SMITH: Well, all of this, Daniel, is to say that these ideas that we’ve been discussing about you know theology and you know a biblical anthropology, they sound kind of you know highfalutin and abstract but they really do have real world implications. The Holocaust, of course, just being one of them. Another one was the civil rights movement. You devote a chapter to race. And one of the things that I love about that chapter is you reminded us that during the civil rights movement many of the activists would hold up signs that said simply I am a man and reminding the world that merely being a human being was enough to warrant the rest of the world showing them dignity.

DARLING: That’s exactly right. You know, Martin Luther King used the language of human dignity quite a bit in his preaching, in his speaking. And that’s exactly what he was doing. He was saying to white powerbrokers, if you will, can you look at us as full human beings. Not look at us as a problem or as outside agitators or a thing to be solved. But can you see our humanity? He was gathering with sanitation workers in Memphis which is why he was in Memphis. And they wore those sandwich board signs that said I’m a man. And I think today as we think about race and it’s a difficult topic to think about racial reconciliation, racial unity. But I do think it’s a gospel issue. I think it’s an issue that if you believe in human dignity, if you believe in what God is doing through the gospel and bringing every nation tribe and tongue together as we see in Revelation 5 and 7, then I think as Christians it’s imperative for us to really work toward it. And what we’re essentially doing is saying those of us who are in the majority culture saying to our minority brothers and sisters we see you. We see your humanity. We are not passing you by but we’re looking at you and seeing you and listening to you and in all of your humanity.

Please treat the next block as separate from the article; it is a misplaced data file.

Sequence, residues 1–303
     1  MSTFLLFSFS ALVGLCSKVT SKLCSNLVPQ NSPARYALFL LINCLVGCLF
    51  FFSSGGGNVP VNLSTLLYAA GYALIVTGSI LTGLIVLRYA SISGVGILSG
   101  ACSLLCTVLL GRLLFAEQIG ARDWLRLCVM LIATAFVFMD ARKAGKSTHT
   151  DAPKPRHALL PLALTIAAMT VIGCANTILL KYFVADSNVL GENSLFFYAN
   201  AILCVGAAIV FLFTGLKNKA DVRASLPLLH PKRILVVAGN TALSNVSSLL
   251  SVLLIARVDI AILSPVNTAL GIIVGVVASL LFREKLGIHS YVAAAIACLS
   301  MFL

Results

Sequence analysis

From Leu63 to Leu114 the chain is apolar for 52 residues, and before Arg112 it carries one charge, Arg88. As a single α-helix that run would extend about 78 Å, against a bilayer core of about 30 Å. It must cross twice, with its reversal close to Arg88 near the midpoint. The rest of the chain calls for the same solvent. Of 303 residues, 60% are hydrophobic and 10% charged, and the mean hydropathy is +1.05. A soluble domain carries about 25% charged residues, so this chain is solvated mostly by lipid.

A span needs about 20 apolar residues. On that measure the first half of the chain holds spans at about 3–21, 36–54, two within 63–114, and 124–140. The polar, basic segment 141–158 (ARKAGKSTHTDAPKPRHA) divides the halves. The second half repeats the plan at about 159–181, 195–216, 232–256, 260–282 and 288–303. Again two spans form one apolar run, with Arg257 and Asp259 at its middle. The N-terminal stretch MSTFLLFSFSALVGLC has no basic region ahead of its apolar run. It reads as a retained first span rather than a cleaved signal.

SMITH: So there’s the issue of race, we’ve touched briefly on the issue of life and abortion. I want to pivot a little — and of course there’s obvious implications there,Daniel, to the idea of human dignity on the abortion issue and I don’t want to gloss over it but I do want to move along to a couple of other areas that I was fascinated to hear your discussion, for example, about poverty and work as having a locus, if you will, a touch point with this idea of human dignity. Can you say more about that?